Daniel Nemukuyu Senior Court Reporter
The Constitutional Court yesterday removed from the statutes Section 31 (a) (iii) of the Criminal Law Codification Reform Act, which criminalises the publication of false statements undermining public confidence in the uniformed forces.
The section reads: “Any person who, whether inside or outside Zimbabwe — publishes or communicates to any other person a statement which is wholly or materially false with the intention or realising that there is a real risk or possibility of undermining public confidence in a law enforcement agency, the Prison Service or the Defence Forces of Zimbabwe . . ., be guilty of publishing or communicating a false statement prejudicial to the State and liable to a fine up to or exceeding level fourteen or imprisonment for a period not exceeding twenty years or both”.
Deputy Chief Justice Luke Malaba made the ruling in the case in which Alpha Media Holdings editor-in-chief Vincent Kahiya and former staffer Constantine Chimakure were challenging their arrest and prosecution on the offence.
“It is the order of the court that Section 31 (a) (iii) of the Criminal Law (Codification and Reform) Act Chapter 9:23 was in contravention of Section 20(1) of the former Constitution and therefore void,” he said.
“The respondent (Attorney-General of Zimbabwe) is to pay the costs of the main application as well as the costs relating to the confirmation of this rule nisi.”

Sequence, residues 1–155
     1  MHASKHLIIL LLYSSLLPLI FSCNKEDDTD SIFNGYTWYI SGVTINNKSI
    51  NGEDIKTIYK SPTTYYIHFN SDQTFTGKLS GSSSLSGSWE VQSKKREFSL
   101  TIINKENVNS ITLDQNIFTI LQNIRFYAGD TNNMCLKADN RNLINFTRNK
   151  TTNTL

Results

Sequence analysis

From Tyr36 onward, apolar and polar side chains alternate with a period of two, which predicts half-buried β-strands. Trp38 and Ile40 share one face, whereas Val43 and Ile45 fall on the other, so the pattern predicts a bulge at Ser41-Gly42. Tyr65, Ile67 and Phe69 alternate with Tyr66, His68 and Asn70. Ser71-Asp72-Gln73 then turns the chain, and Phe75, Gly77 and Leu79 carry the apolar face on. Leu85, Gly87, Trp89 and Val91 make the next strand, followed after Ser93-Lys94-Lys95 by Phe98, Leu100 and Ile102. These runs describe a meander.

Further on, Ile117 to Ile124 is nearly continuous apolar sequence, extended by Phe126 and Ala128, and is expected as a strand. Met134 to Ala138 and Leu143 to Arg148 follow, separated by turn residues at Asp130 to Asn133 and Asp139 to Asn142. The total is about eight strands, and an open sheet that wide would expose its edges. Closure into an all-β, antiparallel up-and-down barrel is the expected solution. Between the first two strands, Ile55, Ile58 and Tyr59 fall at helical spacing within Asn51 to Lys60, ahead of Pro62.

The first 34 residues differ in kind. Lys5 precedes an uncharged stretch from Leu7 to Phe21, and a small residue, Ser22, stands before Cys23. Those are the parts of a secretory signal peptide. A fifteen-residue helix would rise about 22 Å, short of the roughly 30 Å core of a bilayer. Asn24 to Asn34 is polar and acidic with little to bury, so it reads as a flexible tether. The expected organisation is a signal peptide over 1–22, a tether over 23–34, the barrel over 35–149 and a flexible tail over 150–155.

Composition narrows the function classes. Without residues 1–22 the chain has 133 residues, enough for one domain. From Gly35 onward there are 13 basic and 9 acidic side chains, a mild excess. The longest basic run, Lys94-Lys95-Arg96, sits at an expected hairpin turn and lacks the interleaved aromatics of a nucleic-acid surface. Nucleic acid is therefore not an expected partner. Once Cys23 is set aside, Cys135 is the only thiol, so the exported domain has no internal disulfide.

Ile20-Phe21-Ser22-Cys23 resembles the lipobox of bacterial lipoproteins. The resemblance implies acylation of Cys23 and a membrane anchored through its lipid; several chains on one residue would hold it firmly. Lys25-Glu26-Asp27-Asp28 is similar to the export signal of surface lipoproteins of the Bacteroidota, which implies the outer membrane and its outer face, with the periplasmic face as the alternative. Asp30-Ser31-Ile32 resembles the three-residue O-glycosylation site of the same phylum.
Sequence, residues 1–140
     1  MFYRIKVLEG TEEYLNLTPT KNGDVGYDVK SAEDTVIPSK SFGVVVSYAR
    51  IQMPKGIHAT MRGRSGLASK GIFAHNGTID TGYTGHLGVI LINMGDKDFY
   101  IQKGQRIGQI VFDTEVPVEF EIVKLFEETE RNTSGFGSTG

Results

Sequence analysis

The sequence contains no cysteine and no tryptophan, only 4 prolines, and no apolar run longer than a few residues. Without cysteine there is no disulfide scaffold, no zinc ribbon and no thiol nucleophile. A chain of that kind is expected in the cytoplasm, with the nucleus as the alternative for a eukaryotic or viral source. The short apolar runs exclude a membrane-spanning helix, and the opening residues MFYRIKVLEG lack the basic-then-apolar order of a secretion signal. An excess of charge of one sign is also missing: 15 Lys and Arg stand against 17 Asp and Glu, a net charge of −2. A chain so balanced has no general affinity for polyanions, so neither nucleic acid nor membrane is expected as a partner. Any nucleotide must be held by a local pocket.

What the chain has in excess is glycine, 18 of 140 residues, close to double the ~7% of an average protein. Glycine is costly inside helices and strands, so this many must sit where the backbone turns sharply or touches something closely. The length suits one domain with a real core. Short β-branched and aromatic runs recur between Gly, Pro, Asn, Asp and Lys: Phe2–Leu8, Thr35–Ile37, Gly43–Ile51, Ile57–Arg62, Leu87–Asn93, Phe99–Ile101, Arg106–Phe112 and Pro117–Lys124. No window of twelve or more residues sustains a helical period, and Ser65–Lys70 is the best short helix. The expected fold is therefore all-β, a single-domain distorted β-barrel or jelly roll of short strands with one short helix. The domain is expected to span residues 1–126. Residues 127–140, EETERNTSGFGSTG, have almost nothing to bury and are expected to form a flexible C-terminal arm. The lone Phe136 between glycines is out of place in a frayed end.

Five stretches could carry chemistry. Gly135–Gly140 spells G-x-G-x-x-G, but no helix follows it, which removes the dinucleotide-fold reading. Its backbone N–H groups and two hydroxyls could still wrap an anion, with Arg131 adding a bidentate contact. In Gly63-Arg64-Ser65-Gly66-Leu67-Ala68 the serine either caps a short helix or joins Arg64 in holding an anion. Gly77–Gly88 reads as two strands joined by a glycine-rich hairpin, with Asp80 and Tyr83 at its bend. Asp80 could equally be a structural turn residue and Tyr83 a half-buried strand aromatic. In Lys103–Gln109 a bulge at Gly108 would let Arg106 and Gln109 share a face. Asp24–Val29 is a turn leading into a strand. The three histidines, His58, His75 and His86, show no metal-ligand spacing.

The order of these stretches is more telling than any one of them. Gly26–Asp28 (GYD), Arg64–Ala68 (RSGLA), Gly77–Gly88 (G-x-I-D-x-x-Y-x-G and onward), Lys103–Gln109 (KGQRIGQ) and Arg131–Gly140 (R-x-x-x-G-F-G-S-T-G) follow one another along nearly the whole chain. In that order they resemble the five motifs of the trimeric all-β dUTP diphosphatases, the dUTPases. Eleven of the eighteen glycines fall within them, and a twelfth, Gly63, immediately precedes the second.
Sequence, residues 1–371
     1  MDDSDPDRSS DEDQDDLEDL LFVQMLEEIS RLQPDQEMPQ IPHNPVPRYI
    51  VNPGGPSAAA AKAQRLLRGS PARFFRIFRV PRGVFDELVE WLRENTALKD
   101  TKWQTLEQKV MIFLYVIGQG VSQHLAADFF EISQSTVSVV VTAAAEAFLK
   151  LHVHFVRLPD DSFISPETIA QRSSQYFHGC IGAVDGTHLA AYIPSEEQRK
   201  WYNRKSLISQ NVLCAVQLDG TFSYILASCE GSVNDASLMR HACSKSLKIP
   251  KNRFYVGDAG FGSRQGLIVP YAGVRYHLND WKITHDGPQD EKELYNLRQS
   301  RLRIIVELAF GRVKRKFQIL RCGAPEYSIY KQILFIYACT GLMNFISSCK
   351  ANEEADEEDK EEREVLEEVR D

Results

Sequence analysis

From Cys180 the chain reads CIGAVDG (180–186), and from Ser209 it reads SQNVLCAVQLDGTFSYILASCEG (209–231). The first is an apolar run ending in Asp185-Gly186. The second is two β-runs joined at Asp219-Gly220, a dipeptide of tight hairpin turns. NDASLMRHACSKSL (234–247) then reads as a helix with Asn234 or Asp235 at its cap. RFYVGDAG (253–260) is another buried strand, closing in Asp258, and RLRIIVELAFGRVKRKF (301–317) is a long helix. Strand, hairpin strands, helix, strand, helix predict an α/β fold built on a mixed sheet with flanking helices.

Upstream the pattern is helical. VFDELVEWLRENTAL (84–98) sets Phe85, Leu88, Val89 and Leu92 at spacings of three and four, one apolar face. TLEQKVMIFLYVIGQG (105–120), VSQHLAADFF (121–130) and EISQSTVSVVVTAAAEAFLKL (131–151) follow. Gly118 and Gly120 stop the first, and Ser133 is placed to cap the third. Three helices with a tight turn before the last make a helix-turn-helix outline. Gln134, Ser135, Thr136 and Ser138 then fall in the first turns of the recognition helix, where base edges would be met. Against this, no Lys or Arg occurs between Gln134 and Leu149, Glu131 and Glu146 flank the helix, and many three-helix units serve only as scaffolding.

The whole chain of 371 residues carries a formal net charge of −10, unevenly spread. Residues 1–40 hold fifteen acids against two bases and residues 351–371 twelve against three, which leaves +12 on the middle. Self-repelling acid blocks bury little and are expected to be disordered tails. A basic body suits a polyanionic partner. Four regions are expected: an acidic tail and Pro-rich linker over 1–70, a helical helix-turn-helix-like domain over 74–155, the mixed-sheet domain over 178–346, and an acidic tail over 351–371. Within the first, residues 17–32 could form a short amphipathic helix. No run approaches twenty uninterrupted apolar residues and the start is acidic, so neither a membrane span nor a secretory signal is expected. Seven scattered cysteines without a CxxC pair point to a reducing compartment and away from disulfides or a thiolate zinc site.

Chief Justice Godfrey Chidyausiku and Justices Vernanda Ziyambi and Elizabeth Gwaunza agreed with the judgement.
The court held that the law was not reasonably justifiable in a democratic society.
In October last year, the court held that the law was in violation of the people’s rights to freedom of expression as enshrined in the Constitution.
The Constitutional Court observed that the section had the effect of breaching people’s rights and invited Justice Legal and Parliamentary Affairs Minister Emmerson Mnangagwa to justify its existence within a month’s time if he so wished.
The ruling by the Constitutional Court yesterday followed an appeal by Chimakure and Kahiya who had been charged under the Criminal Code’s Section 31 for allegedly publishing or communicating a false statement prejudicial to the State.
The two journalists were charged after they published a story titled “Activists’ abductors named,” where in the story senior police officials were identified as having abducted MDC-T activists and Zimbabwe Peace Project director Jestina Mukoko in 2009.
Minister Mnangagwa argued that the court erred in ruling in favour of the journalists.
He argued that the court failed to properly assess the proportionality of Section 31 of the Code, which criminalised publishing or communicating false statements prejudicial to the State.
“This honourable court failed to adopt a proper approach in trying to assess the proportionality of Section 31 of the Code to Section 20(1) of the Constitution of Zimbabwe, thereby wrongly making a finding that the impugned provision is overboard,” said Minister Mnangagwa.
“While the court was attempting to satisfy the test known in deciding whether or not a law is reasonably justifiable in a democratic society, the study of essential elements of the offences with a view to assess its breadth led the court to omit the first fundamental criteria before adopting the proportionality test.”
Meanwhile, the Constitutional Court recently ruled again in favour of journalists when it held that criminal defamation was in breach of the Constitutional.
Minister Mnangagwa is yet to respond on the criminal defamation case in court as the court did not issue a timeframe in which he can respond.